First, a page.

REACH Regulation

REACH Regulation

Registration, evaluation, authorisation and restriction of chemicals

REACH stands for “Registration, Evaluation, Authorisation and Restriction of Chemicals.” EC Regulation No. 1907/2006 (REACH Regulation) entered into force on July 1, 2007 and is directly applicable in all EU Member States. It is also applicable in the EEA countries, as it was also integrated in the EEA Agreement.

The REACH Regulation aims at improving the protection of human health and the environment from the potential risks of chemicals. On the one hand, this is to be achieved by means of appropriate risk management measures – on the other, substances of very high concern are to be substituted step by step by other suitable, but less dangerous substances. To achieve this objective, the core provisions of the REACH Regulation cover the following key aspects: 

  • Obligation to register substances, including detailed information on the substance’s properties, in order to build a substances database 
  • Obligation to share information regarding the properties of substances and risk management measures along the supply chain
  • Evaluation of the substances by the Member States
  • Determination of restrictions or authorizations for certain substances

According to the principle “no data, no market,” substances regulated by the REACH Regulation may be placed onto the market within the EU or the EEA only if they have been registered beforehand with the European Chemical Agency ECHA. The obligation to register lies with manufacturers of the substances within the EU, and/or with the importers who import such substances from non-EU/EEA countries into the EU/EEA. When registering a substance, its composition and properties must be indicated, and a chemical safety report submitted. The latter contains a description of the exposure routes* of a substance, its effect on human health and the environment, and based thereon a risk evaluation when handling these substances, and recommendations for risk management measures if applicable. The latter are meant to minimize any potential negative effects on human health and the environment when handling the substance.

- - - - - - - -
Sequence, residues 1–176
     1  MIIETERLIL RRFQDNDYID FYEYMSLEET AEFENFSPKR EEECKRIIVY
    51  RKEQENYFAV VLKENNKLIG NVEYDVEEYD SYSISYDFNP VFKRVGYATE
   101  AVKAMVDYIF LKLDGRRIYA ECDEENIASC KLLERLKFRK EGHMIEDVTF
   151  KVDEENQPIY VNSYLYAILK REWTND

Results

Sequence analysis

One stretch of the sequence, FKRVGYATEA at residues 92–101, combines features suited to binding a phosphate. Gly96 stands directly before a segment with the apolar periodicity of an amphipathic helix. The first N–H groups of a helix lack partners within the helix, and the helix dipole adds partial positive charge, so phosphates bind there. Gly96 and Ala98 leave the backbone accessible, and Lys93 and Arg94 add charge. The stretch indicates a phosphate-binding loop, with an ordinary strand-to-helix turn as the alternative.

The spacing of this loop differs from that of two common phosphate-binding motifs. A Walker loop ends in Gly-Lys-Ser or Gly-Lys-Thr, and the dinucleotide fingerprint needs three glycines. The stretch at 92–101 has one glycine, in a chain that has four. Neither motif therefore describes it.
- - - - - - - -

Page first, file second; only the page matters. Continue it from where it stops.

In determining whether a substance is to be classified as dangerous, REACH explicitly refers to the criteria of the “CLP Regulation” (Regulation (EC) No. 1272/2008 on the classification, labelling and packaging of substances and mixtures). If a substance is dangerous, its properties and any necessary risk-management measures must be compiled in a safety data sheet, which has to be forwarded along the entire supply chain.

All EU Member States nominate their national authorities which are responsible for evaluating the substances in coordination with the European Chemicals Agency ECHA. The prioritization of substances in this evaluation process is based on a risk-driven approach – i.e. those substances associated with the highest risk will be evaluated first. The risk of a substance is based on its properties (e.g. persistent, bio-accumulating), exposure routes, or the overall production or import volume.

Depending on the results of this evaluation, and based on the stipulations in the REACH Regulation, substances may be subject to restrictions or an authorization process. Restrictions may cover manufacturing, the placing on the market, or the use of a substance on its own, in a mixture, or in articles. The authorization procedure is designed to ensure that the risks related to substances of very high concern are well managed and that these substances are gradually replaced by other suitable alternatives.

*Way in which the substance enters the body/a given area, e.g. airborne (inhalation), skin contact etc.

Status: December 2015
All information subject to change. Errors and omissions excepted.